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The character pair :=, that are a colon and an equal sign back to back, is pronounced as “becomes” and used by Pascal as the assignment operator.


For valid assignments := is surrounded by a single variable identifier on the left hand (possibly doing a variable typecast), and an expression evaluating to the data type the variable is declared as on the right hand.

program assignmentDemo(input, output, stderr);

	diameter = 6;

	n: integer;
	area: real;
	givenName: string;

	n := 42;
	area := pi() * diameter;
	givenName := 'Smith';
	n := 1000 - n div 2;

Assignments to variables of a subrange type should be handled with care. The compiler can only yield out-of-range errors for constant expressions, i.e. not depending on any run-time data. With {$rangeChecks} enabled a run-time error can be generated.

program assignmentRange(input, output, stderr);

	naturalNumber = 1..high(longword);

	n: naturalNumber;

	{$rangechecks on}
	n := 1;           // is OK
	n := -42 + n;     // will cause RTE 201

handling of special data types

Where simple data types like integers and characters are realized as mov instructions or alike, data types that require initialization and finalization such as ansistrings or classes need special care.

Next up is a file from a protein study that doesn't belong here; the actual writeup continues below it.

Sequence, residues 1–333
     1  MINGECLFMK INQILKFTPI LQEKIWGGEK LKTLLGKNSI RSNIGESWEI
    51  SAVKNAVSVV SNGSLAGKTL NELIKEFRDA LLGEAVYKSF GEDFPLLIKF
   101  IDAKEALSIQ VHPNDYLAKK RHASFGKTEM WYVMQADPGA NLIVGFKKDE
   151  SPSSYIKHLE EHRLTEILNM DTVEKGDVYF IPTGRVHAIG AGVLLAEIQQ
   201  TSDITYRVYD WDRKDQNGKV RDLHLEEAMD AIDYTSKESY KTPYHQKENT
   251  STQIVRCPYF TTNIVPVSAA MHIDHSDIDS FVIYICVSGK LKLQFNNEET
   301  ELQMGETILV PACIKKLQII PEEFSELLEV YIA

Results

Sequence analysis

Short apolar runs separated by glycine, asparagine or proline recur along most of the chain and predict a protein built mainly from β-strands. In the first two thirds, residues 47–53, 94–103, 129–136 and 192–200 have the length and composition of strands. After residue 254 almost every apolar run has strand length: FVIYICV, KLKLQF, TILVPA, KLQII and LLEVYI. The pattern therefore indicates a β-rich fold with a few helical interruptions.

The compiler will generate appropriate code copying data for following data types.

You don't have to iterate over all components copying each element by hand as it is required in other programming languages.

syntax justification

The rationale of using two characters for assignment instead of just one, say the = sign, is to distinguish between assigning values and comparing for equality. It's got its roots in the field of mathematics where a single equal sign is read as an expression, but has no imperative connotation.

In comparison other languages than Pascal allow to write

n = m = x;

The semantics of this line of code varies among every programming language. For instance, in Fortran and in Basic this line means “Compare the values m and x, and if they are equal to each other n becomes true, false otherwise.” In contrast to that the C programming language will assign m the value of x, and subsequently assign the n the value of m, so n and m both have the value x. This sort of code has been a common source of errors, compilers nowadays even emit warnings when encountering multiple assignment in a single line.

In Pascal the code excerpt above is illegal. Non-productive statements are not allowed, i.e. something has to be done.

see also

navigation bar: topic: Pascal symbols
single characters

+ (plus)  •  - (minus)  •  * (asterisk)  •  / (slash)
= (equal)  •  > (greater than)  •  < (less than)
. (period)  •  : (colon)  •  ; (semi colon)
^ (hat)  •  @ (at)  •  $ (dollar sign)  •  & (ampersand)

character pairs

<> (not equal)  •  := (becomes)  •  >< (symmetric difference)  •  // (double slash)